Mr. Geoffrey Wilson (Truro)

What would the hon. Member do with smaller places? The city where I live has a population of 13,000.

Mr. McNamara

I think that the hon. Member for Devonport made a very good point when she said that an efficient laundry could arrange for collection and delivery centres within the West Country. I should have thought that the hon. Member was in one of the areas covered by the hon. Member's laundry.

I do not wish to detain the House for very long. I regard the Order as only a first step, and a very faltering first step, towards getting the sort of price control we want. If we can get price control in laundries we can do it throughout the whole service and retailing industries, and get the type of prices and incomes policy which many of us on this side of the House would like to see.

9.1 p.m.

Mr. David Crouch (Canterbury)

I think that there is some misunderstanding in the Chamber tonight. We as the Opposition are really complaining not about a storm in a wash tub, laundry or dry-cleaning establishment, but about the strong-arm action of the Government, strong-arm action which is welcomed by some hon. Members, and I tremble at the way and spirit in which they welcome it. I tremble at the references on this type of action by the hon. Member for South Shields (Mr. Blenkinsop), who has now left his place. I had hoped that in the past two years the Government would seek to make our economy work. We are talking about a free enterprise economy—not an economy to be sat on, to be buried with the trade unions, but an economy to work. Apart from their strong-arm action, the Government have shown that their left hand does not know what their right hand is doing, or what effect their right hand might have in economic affairs. They have pegged incomes and prices, and the trade unions and the T.U.C. have had their orders.

Mr. McNamara

I am grateful to the hon. Member for giving way. The whole point of part of what I was trying to say was that prices have not been sufficiently pegged. It would be wrong, as the hon. Member for Oswestry (Mr. Biffen) pointed out, to look at the Order and say that prices have been pegged.

Mr. Crouch

Admittedly, prices have not been sufficiently pegged under the Prices and Incomes Act, because that is why the Order has been introduced, especially to peg a sector of prices in the laundry and dry cleaning industry. We must see what effect the Government's total action in its freeze is having. On the one hand, we have wages severely pegged and the trade unions having no say in the matter. Of course, they are incensed. The public is incensed, and it looks for every sign of price rises. It has been encouraged by the First Secretary to report such signs. I am advised that there have been 350 complaints to the Department of Economic Affairs about this industry, and I hope that this figure will be commented on tonight by the Parliamentary Secretary when he replies. I would be grateful if he would say how those complaints are made up as between the laundry industry and the dry-cleaning industry, and over what period they have been gathered.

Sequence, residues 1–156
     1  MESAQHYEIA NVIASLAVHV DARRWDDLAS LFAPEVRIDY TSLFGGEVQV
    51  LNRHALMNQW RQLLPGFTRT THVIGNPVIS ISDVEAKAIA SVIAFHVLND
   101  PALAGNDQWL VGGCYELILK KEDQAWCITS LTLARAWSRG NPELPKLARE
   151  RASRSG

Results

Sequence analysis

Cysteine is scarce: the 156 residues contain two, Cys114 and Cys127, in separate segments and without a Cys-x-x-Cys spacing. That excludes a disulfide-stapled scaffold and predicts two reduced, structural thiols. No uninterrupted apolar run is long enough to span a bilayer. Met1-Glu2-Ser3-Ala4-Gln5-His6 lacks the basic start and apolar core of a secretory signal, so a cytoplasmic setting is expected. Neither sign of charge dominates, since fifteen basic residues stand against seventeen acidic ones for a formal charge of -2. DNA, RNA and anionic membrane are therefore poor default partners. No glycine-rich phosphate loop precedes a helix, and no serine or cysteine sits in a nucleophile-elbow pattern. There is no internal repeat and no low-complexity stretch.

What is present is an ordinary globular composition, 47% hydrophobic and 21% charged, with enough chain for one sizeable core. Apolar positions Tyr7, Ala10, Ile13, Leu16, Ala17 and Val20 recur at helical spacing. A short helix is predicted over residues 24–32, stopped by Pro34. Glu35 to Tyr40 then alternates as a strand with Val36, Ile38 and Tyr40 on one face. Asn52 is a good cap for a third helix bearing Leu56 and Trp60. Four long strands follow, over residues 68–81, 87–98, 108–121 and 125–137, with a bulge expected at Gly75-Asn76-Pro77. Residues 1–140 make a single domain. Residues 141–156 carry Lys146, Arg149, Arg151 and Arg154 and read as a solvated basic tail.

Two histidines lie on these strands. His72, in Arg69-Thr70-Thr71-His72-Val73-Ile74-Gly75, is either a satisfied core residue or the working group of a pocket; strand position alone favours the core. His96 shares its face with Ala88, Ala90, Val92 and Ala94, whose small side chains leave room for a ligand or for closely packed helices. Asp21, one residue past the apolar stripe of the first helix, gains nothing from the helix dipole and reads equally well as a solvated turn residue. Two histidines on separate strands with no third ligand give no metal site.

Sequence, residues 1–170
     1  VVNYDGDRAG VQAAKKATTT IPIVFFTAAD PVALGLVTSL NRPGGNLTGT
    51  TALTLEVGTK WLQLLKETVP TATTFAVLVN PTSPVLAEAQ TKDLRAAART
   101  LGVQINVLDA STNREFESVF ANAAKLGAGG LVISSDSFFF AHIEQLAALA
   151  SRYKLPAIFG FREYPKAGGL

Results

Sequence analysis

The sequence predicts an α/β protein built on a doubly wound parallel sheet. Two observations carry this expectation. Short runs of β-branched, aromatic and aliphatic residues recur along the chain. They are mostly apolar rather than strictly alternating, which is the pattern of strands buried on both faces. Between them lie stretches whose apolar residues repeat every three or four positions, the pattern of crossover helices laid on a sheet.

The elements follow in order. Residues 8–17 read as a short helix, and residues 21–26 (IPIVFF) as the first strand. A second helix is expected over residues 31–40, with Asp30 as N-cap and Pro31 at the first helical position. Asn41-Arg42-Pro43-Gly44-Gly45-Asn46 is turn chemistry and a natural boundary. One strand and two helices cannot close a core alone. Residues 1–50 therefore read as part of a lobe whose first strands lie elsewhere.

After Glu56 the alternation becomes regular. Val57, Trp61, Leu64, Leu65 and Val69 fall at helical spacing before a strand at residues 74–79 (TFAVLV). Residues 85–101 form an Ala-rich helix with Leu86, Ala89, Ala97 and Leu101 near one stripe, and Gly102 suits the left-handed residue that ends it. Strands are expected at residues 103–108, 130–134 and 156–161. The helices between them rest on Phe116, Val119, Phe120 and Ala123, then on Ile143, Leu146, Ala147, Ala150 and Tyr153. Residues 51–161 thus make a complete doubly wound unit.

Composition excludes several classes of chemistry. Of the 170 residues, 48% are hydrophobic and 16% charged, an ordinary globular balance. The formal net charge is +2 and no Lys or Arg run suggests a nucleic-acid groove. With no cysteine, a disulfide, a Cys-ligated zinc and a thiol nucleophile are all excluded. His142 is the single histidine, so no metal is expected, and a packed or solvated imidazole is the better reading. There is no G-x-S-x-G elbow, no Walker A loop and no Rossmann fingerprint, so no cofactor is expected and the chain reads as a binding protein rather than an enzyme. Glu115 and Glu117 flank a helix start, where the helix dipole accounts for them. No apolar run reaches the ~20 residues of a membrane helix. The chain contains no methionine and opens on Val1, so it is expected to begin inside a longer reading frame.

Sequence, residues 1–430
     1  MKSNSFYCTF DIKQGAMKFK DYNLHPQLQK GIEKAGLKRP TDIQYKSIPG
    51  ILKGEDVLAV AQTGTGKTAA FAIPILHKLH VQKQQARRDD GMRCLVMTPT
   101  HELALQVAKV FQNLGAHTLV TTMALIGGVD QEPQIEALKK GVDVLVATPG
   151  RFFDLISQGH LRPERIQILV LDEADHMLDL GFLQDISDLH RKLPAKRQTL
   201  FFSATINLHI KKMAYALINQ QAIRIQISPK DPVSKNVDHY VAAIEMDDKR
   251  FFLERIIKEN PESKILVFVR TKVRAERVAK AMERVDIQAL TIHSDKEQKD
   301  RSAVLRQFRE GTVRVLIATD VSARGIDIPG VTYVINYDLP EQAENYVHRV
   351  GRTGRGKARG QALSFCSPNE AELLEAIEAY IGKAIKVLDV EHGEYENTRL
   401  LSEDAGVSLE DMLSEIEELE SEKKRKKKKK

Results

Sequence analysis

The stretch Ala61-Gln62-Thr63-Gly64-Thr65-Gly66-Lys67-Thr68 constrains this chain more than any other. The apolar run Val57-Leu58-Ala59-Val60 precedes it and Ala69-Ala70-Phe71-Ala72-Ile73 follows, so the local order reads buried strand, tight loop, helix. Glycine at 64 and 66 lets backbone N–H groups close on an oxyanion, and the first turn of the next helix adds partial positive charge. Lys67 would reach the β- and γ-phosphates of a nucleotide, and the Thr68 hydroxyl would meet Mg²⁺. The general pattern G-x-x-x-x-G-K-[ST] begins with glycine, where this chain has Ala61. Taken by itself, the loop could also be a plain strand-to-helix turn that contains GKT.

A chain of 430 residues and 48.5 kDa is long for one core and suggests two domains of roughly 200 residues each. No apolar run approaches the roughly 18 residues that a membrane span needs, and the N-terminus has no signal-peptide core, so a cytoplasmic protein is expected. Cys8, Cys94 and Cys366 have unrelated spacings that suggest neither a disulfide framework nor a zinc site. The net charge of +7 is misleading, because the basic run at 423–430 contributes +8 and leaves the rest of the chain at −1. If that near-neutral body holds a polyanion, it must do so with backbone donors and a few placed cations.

We are talking of an industry in which there are 150 million transactions a year. In all the research that has been carried out in the industry there is no statistical record of price increases. This is a service industry dealing with people's clothing, and it is the troubles which people's clothing suffer which are the biggest element in the complaints—not prices. I shall be very interested, therefore, to hear what the Parliamentary Secretary can tell us about the exact nature of these price complaints.

My hon. Friend the Member for Worthing (Mr. Higgins) has reminded the House that this is a highly competitive trade, a trade in which price is vital and is always most carefully considered. It is a service trade in which value for money counts. The price increases made recently, since the Budget, were made after very careful consideration, bearing in mind that a price increase, for whatever reason, will inevitably reduce turnover and may well drive business to the man next door.